We wouldn’t normally talk about this subject, but we’ve had three agents within the last three weeks ask about it. All agents have been approached by the police seeking copies of contracts because the property may be the proceeds of crime.
For some years now, both Commonwealth and State legislation has permitted the confiscation of the proceeds of crime. In short, if you have obtained any asset through money gained through the commission of a crime, the state or federal government can come and take the property back and keep the proceeds. In fact, the National Crime Authority survives off the back of these confiscations.
From what we understand, the police have been requesting a copy of the contract be scanned and sent to them. The agents are concerned that they are breaching their obligation of privacy to the vendor. The first question is whether there is an issue of privacy in the first place.
In NSW, the Property, Stock and Business Agents Act 2002 requires the agent to hold a copy of the contract. This contract is a public document and can be given to any prospective purchaser. In particular, if the property is being sold by auction, these contracts are given prior to the auction for people to obtain legal advice. This means that, any person can walk into your office and seek a copy of the contract.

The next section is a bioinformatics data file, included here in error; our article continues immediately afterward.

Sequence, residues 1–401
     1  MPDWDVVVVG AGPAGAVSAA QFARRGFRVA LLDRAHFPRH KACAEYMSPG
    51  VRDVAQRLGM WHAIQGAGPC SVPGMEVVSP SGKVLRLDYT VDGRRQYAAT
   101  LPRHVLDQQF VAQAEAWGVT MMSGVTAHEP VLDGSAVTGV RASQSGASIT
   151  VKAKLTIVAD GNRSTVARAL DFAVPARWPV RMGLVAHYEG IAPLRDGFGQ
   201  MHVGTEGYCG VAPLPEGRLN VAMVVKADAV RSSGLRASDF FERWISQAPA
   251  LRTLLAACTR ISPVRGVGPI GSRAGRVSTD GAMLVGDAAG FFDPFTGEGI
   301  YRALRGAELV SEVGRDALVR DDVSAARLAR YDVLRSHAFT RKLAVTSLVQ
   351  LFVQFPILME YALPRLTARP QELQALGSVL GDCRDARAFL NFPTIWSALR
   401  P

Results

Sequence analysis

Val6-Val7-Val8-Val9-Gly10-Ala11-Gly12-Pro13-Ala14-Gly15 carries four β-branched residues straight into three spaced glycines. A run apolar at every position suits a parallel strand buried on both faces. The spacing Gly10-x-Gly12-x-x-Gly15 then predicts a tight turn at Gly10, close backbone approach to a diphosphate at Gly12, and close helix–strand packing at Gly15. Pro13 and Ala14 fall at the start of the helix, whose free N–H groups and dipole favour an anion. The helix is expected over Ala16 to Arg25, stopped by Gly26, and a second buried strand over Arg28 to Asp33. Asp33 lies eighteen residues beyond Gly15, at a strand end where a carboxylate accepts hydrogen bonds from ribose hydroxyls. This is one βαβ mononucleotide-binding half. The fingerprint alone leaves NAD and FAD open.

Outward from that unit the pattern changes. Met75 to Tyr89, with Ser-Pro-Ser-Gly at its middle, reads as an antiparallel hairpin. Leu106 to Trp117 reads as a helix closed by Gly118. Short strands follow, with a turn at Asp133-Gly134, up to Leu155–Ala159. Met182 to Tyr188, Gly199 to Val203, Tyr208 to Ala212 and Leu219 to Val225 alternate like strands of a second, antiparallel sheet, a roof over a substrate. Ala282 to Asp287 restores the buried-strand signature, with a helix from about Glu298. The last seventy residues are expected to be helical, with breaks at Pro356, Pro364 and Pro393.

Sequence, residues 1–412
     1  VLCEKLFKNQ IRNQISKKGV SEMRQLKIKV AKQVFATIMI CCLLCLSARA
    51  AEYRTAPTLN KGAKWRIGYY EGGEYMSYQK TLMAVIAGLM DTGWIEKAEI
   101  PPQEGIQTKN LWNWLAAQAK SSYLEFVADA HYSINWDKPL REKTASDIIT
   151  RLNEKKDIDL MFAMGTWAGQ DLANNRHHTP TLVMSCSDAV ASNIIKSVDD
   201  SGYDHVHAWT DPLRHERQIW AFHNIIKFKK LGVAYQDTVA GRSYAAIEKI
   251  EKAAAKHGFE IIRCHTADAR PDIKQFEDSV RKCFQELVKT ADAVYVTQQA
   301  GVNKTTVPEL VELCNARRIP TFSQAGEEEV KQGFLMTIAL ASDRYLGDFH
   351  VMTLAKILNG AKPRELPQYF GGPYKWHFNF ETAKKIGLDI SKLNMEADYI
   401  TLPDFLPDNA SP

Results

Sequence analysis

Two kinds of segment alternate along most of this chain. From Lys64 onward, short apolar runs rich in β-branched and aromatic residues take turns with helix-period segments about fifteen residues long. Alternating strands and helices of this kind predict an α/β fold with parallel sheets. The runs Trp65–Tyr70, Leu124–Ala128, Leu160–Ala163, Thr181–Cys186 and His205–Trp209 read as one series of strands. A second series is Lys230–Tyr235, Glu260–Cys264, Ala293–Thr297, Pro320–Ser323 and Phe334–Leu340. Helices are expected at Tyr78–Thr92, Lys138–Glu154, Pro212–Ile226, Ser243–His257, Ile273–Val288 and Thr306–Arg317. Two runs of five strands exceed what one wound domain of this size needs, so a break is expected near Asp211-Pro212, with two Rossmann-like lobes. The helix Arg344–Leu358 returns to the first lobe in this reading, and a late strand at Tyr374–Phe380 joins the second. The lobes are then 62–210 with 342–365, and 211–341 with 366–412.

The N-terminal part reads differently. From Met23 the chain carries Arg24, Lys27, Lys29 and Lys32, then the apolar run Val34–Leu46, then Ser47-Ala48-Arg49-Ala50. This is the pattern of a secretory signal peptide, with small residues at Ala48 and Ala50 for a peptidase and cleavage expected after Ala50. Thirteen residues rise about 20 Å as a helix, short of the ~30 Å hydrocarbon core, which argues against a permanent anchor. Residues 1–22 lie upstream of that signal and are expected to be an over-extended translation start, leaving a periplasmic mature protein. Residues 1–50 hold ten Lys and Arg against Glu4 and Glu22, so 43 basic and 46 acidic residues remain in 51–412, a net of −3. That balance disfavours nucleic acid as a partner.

People can also request this over the telephone of by email. Were a member of the police force to ring you and say they want it for the purpose of a criminal investigation, the agent should be a little careful. Leverage would always suggest that the agent seek the request in writing and also seek under what power they wish the contract to be provided. If they will not provide the request in writing, don’t send it. Let them drive to your office to collect it like any other member of the public.
Although we cannot see how the agent is liable for providing something, which is public to a police officer, you need to put yourself in a position where you have done everything to protect your vendor’s interest. An email asking for the request to be put in writing and noting the powers under which they asked for the contract, means that you’ve taken all steps to protect your client.
Agents might think that this belongs to the cheaper suburbs of NSW. Don’t be so complacent, reports show that the richest suburbs in Sydney have the highest rate of drug offence. This is no longer a low socioeconomic problem. This is the problem of all classes, all races and all suburbs.
This article was written by Bailey Compton, Principal Solicitor & Director at Leverage Group.
To get in touch with Bailey, please email email@example.com or call 1300 438 538